[06:05:12] So the fact that that they're having this conversation with Kushner now tells me that they're close to making a decision on what they're going to do in the Flynn case. You don't talk to Kushner unless you've talked to all the peripheral players, looked at financial records, looked at e-mail information. They're going to come out with something soon about what's going to happen in the Flynn case. That's what I see here.

CUOMO: And to correct some misconceptions that are out there: one, does it look like Flynn is negotiating? Yes. Does that mean he's trading for information higher up the scale or closer to the president? No. He could just be cutting a deal on what they know about him and his reporting of his finances and his lobbying efforts. And they may give him a deal on that, based on--

CAMEROTA: But why would they cut a deal if they weren't getting anything out of it?

CUOMO: The cumbersome nature of prosecution. They really want to focus on Russia and different types of transactions and not deal with that. Or maybe he is giving them information. But it's not a given.

TOOBIN: And maybe, to be fair, he doesn't know incriminating information about other people. And you say why would they give him a deal--

CAMEROTA: If he's not delivering anything.

TOOBIN: If he's not delivering anything. Maybe he'll--

CAMEROTA: That's a bad deal.

TOOBIN: Not necessarily, unless you don't have information that he did anything else wrong.

CUOMO: Right.

TOOBIN: I mean, you know, make him plead guilty to crime "X" because you don't have information that he committed crimes "Y" and "Z."

CUOMO: And sometimes economy of justice. That, you know, they've got a lot on their plate. These came up. They believe they have prosecutable differences. Similarly with Kushner. Just because he came in to talk about Flynn does not mean that he will not be asked to come in again to talk about other things.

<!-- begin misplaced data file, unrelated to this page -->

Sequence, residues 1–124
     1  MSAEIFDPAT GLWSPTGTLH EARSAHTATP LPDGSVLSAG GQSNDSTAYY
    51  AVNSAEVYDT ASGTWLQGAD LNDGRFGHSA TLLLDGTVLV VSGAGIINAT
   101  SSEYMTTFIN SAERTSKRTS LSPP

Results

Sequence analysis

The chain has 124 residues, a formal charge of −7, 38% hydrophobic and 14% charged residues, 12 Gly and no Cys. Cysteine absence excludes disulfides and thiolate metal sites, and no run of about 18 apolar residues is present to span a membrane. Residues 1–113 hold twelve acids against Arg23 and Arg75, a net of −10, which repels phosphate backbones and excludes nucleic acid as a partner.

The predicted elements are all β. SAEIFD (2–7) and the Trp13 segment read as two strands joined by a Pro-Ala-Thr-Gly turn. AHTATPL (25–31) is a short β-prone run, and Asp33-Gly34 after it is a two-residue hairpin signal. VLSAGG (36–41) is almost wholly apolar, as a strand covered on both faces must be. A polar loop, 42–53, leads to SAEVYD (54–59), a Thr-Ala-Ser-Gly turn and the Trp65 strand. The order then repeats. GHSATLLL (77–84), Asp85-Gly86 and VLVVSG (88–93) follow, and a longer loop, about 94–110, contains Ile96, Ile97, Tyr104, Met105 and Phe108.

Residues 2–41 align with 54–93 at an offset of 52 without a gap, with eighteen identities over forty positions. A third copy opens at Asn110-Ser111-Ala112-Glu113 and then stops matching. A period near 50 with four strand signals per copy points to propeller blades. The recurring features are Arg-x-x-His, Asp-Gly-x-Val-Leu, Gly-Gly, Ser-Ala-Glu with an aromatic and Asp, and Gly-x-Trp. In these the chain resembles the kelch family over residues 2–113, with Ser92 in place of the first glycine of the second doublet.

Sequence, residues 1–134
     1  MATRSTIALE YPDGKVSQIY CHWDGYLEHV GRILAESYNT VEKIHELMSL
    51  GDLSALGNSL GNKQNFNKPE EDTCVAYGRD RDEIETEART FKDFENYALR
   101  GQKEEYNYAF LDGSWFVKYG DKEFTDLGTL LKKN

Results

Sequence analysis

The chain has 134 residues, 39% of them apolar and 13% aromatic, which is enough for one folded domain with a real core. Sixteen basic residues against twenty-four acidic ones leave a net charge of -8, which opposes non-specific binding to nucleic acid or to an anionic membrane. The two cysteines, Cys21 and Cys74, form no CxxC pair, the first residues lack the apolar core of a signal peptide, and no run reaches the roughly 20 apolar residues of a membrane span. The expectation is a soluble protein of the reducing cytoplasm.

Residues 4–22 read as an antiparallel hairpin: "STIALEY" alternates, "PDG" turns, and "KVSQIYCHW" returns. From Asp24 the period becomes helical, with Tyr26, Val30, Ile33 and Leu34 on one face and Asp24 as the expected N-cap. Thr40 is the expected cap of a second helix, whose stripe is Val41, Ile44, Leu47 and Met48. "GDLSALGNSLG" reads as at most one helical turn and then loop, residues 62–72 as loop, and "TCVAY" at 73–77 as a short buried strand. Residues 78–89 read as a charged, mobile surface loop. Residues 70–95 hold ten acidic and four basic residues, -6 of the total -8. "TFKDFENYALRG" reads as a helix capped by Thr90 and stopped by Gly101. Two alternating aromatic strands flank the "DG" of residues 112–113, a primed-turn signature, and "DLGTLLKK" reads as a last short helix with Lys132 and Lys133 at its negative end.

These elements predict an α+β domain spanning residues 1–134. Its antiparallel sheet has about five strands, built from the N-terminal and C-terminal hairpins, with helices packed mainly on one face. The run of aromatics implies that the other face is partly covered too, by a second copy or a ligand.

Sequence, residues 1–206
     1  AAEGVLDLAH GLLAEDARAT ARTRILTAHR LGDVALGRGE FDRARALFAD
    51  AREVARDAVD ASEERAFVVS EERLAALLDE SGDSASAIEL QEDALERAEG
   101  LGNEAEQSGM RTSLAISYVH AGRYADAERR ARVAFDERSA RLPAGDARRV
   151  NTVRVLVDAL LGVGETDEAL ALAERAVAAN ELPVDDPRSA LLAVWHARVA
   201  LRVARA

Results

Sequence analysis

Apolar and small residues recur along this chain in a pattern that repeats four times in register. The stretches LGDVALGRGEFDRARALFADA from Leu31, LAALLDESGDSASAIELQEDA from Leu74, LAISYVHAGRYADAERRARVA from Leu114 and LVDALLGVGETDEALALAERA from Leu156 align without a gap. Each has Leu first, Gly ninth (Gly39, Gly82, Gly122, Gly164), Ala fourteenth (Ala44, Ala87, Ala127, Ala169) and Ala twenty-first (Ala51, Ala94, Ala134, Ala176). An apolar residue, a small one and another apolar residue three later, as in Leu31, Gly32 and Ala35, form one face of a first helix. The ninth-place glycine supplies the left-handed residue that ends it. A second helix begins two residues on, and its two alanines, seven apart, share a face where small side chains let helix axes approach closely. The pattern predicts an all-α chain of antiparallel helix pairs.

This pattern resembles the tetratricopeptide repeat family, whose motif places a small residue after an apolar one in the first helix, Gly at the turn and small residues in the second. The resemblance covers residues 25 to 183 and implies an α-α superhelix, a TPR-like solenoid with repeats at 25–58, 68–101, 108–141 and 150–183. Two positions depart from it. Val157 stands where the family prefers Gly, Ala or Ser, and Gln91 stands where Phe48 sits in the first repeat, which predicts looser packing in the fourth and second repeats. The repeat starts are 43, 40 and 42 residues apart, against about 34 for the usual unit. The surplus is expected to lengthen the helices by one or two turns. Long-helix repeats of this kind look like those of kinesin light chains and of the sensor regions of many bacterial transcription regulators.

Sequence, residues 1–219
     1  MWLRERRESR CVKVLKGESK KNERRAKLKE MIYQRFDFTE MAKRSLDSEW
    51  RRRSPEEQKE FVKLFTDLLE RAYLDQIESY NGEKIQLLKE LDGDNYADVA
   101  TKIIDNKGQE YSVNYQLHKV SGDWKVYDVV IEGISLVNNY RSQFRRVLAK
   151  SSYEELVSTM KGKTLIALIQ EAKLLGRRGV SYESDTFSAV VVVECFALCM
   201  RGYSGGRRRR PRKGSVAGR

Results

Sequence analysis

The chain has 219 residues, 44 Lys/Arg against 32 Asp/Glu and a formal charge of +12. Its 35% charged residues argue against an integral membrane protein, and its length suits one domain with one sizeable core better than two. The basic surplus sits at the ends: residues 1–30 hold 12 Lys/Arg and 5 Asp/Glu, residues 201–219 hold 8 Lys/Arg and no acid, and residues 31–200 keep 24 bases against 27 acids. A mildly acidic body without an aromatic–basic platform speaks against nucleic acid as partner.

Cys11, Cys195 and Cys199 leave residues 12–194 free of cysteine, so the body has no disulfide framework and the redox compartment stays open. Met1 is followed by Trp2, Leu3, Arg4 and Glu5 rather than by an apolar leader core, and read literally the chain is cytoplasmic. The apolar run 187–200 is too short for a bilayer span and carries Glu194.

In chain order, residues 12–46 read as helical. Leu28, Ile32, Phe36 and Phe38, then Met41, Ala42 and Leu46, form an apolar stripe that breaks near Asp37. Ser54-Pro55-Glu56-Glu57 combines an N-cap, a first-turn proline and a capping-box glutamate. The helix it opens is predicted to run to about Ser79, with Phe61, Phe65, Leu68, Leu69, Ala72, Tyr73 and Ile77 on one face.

TOOBIN: And I think it's really important to just, you know, when you think about Jared Kushner, there is no figure in this investigation, not Donald Trump Jr., not even the president, who has as much information about as many subjects of the special counsel's jurisdiction as Jared Kushner.

CUOMO: He checks a lot of boxes of disclosure gaps also, Phil Mudd, when we're talking about Jared Kushner. I do not mean in any way to impute any sense of wrongdoing. But you know, he's had to amend the disclosure forms several times. And it has come up several times in reporting that Kushner was connected to things or knew about things that we didn't initially understand from his own reckoning of events.

MUDD: That's right. I mean, we're only talking about half the story. We're missing half the story in here. What we've talked about is what Kushner might say about Flynn. And Kushner's lawyer is rightly representing his client, saying, "Hey, we're cooperating. This is -- you know, we are being fully transparent."

There is another half of the story here. And that is when you walk in that room, you already know if you asked Kushner, for example, about meetings or conversations within the campaign last year that Flynn participated in, you already know half the answers.

We know that the Mueller team will prosecute people, or will it, pardon me, indict people for lying to a federal officer. That's not a benign conversation with Kushner. My point is when he answers questions about what happens in those meetings and the federal investigators say, "Hey, four people told us one thing, and Kushner told us something else," he's at risk for getting a charge for lying. So that conversation better be very careful with Kushner about being transparent about everything, because the feds already know a lot themselves.